Hi Donna: i found your website via breastcancer.org. I was DX with DCIS in early December. They also biopsied my left at my request and originally I was told hyperplasia withhout atypia. I changed facilities within the same medical group (Kaiser) because one had a more comprehensive breast center. They retested the samples and determined that the left was ADH (and agreed DCIS in right). They sent out the samples to UCSF who felt that both breast were ADD. Before those results came back, I had a lumpectomy on the right side on Jan.3. Results came back “miniscule residual DCIS” with margins of nearly 1cm, so no rads recommended. Even though it was overkill and he is considered very controversial by many doctors, I consulted with Dr. Lagios. He basically concurred with all the other path reports (DCIS on right, ADH on left). He recommended an MRI in a few months as a way to avoid an excisional biopsy on the left-which my surgeon wanted to do right away. She agreed to order MRI and wait. I meet with the oncologist next week to talk about Tamox, which I know she will recommend. A friend of a friend is a colleague of Esserman in the UCSF breast center, and she too recommends it, saying that as a pre-menopausal 52 year old there are significant benefits. I would prefer to try alternative methods such as calcium d-glucarate and DIM along with other supplements and dietary changes you have talked about, but there really is no hard evidence/long-terms studies that they work. I am very concerned about SE’s but want to do all I can to prevent any kind of cancer, so I am leaning towards at least givi g Tamox a try. These are difficult decisons! In terms of bioidentical hormones, similar to what Esserman told you,I have had my OB at Kaiser as well as the gal at UCSF tell me that “hormones are hormones” and bioidentical is virtually meaningless in terms of how the body processes and uses them-so I would be cautious there. All the best,
    Suzanne

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    • dp4peace says:

      Hi Suzanne,

      Thanks for sharing your story. You are right…difficult decisions! And there is not one right answer. Everyone has a different circumstance and it’s important to make decisions based on your individual pathology/cells/risk tolerance. From what I have researched about bio-identical hormones, I don’t agree with the notion that “hormones are hormones.” We all have to investigate and come to our own conclusions about it. I would love to have more hard evidence/studies on this topic! My medical oncologist did not see much benefit from tamoxifen and Dr. Lagios states there is no benefit at all! Again, we all have to gather as much info as possible, then go with our gut. If trying tamoxifen feels like the right thing to do, then I’d say that’s the best treatment option FOR YOU. If you so give it a go, I’d love to hear about your experience with it…and I’m sure others would as well. I know there are many women sharing about this on breastcancer.org. Sounds like you are doing all the right things. Stay positive and keep in touch!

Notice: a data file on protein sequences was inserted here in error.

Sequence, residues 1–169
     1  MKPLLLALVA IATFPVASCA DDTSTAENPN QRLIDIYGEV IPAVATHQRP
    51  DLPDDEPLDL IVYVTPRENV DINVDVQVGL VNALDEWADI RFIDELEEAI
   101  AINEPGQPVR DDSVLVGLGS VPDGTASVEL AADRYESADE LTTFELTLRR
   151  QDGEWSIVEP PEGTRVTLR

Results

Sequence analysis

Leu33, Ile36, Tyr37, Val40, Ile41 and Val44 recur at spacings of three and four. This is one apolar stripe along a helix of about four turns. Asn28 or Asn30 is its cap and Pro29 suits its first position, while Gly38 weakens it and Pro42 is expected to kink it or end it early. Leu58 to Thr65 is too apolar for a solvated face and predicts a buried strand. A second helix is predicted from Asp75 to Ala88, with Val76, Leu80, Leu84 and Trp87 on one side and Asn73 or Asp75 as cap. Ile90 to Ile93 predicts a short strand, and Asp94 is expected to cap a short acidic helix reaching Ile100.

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  5. Suzanne says:

    Hi Donna: I am waiting for a response from my MO about natural progesterone cream. I am ER+/PR-, so I am wondering if in my case, it might actually be OK to use since I have given up my Evening Primrose oil and Black Cohosh/Vitex supplements after being diagnosed (too many mixed reviews about impact on ER positive cancers) . So now my breast tenderness and other perimenopause symptoms are driving me crazy! I also am waiting for her opinion on this interesting study about limited benefits of Tamox for PR negative cancers.

    http://www.ncbi.nlm.nih.gov/pubmed/16899609

    What is your current thinking on the Progesterone cream after meeting with Esserman and reviewing with your naturopath?

    best,
    Suzanne

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  6. dp4peace says:

    Hi Suzanne,
    Sorry for the long delayed reply! I must have missed this one. I stopped the progesterone cream after a few months — my naturopathic Dr. said she did not want to keep me on it long-term anyway. I like not being on it actually. It made me feel itchy. I have totally eliminated breast tenderness and I believe it is due mostly to iodine. How are you doing? 🙂 Donna

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  7. Emily says:

    I would tell everyone to NOT take Bioidentical Progesterone Creme. I took it for 2.5 years and ended up being diagnosed with 2cm DCIS and ADH. Bilateral mastectomies were done, and now reconstruction. A huge cost for buying into the lousy scheme of BHRT.

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    • dp4peace says: